They looked like they had lost their best friends, their soulmates, or firstborn. As if they’d been unjustly incarcerated when their wife was pregnant, spent sixty years on death row before being executed the day before DNA exonerated them posthumously. Like they were closeted in a family full of well meaning, but misguided Bible thumpers. Like they were in the midst of a session of interrogation; complete with bamboo shoots under the fingernails and water boarding.
These were the people working the salad bar. Day in, day out, they had to use yellow wedge-shaped sponges to clean errant beets, garbanzo beans, pepperoncinis, shreds of butternut squash, blue cheese crumbles, and an ever-flowing line of house ranch dressing from between black plastic containers which held the 50 feet worth of ingredients needed to create the perfect salad.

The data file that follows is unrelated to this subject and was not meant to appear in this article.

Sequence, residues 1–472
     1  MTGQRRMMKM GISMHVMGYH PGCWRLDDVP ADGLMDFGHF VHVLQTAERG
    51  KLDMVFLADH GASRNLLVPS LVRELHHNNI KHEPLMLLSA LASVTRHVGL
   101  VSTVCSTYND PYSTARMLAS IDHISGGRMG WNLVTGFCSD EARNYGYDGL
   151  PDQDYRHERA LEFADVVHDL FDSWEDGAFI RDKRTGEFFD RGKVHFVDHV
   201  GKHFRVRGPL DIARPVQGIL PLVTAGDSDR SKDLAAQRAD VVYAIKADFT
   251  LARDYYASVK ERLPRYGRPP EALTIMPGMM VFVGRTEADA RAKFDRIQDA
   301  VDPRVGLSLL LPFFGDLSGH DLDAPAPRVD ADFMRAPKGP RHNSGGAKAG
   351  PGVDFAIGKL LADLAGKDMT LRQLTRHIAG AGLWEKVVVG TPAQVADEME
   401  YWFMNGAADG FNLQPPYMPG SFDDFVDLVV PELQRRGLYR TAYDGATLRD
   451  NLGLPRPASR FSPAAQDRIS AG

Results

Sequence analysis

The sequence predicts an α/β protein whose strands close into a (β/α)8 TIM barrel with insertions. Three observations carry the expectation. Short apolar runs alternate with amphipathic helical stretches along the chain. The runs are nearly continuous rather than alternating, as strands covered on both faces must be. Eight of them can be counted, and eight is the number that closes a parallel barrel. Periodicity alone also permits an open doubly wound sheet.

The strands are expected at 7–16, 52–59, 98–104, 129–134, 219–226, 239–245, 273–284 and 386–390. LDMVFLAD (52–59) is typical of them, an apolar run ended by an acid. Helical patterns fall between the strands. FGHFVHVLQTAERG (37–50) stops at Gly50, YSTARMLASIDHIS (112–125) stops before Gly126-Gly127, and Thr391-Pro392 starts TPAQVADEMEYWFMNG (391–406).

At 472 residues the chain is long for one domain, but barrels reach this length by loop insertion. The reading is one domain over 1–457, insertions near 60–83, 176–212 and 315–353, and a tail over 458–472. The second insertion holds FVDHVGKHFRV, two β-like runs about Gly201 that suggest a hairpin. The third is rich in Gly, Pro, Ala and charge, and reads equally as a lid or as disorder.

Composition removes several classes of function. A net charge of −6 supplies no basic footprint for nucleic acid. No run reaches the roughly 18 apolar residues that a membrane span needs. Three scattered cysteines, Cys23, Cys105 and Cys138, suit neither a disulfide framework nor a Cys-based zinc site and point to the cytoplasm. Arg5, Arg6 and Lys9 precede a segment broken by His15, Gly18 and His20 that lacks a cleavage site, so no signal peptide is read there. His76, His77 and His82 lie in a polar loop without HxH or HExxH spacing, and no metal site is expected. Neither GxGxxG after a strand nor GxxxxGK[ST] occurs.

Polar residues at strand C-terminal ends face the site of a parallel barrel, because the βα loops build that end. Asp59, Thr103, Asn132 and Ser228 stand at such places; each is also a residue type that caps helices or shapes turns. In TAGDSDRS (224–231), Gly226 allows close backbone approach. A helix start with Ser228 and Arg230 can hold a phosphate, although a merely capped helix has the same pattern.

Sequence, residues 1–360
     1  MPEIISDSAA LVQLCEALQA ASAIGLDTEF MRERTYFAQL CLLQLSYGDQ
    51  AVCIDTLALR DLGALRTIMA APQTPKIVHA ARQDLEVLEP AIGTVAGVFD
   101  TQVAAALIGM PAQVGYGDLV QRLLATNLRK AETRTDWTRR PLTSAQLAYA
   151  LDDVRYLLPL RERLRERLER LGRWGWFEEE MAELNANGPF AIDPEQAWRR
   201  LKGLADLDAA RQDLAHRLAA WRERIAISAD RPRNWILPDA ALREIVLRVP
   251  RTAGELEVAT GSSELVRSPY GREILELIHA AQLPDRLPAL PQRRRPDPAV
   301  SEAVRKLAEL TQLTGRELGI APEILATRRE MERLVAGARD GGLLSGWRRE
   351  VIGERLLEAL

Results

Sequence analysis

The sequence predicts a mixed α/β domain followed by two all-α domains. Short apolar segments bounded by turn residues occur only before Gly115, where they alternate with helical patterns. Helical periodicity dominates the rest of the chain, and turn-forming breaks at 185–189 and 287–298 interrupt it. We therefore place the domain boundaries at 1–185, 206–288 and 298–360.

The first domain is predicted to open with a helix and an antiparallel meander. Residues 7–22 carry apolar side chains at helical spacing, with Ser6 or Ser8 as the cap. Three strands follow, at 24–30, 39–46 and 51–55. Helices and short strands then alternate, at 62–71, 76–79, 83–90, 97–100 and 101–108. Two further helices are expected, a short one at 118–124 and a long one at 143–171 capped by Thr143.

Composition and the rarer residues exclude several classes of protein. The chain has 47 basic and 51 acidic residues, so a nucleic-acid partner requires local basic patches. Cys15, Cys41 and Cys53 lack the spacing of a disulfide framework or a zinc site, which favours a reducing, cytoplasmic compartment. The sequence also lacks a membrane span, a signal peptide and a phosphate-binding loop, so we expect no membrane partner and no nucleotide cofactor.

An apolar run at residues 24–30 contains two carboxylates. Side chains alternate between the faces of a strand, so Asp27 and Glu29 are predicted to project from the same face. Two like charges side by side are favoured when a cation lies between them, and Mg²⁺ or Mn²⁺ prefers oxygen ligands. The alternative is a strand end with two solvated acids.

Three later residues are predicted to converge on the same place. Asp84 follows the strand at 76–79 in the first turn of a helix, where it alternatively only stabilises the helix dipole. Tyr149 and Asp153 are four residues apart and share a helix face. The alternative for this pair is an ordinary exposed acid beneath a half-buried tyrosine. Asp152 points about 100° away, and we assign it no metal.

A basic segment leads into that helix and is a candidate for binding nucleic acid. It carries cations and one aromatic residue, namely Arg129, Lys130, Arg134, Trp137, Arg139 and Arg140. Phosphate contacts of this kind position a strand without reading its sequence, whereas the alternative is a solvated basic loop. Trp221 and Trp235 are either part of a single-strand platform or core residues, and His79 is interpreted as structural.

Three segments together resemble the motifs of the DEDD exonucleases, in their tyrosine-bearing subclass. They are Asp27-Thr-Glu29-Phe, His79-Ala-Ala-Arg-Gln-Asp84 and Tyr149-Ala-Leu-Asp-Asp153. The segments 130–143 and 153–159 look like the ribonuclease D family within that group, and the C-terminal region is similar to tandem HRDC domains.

They were the first employees to arrive, sometimes as early as five am in order to open 50 gallon containers of pickles, scrub every inch of the salad bar and floor with bleach, and rub the sneeze guards with generic Windex and coffee filters. Throughout most days, they stood in a couple of inches of tepid water, trapped by the piles of lettuce, veggies, cheese, croutons, and hardboiled egg, left by each change of shift, that inevitably seeped through any shoe design. Salad bar attendants left after everyone, risking skin to burns by boiling hot water and limbs to slips in the permanent puddle.
Everyone always went home smelling like rotten ranch dressing.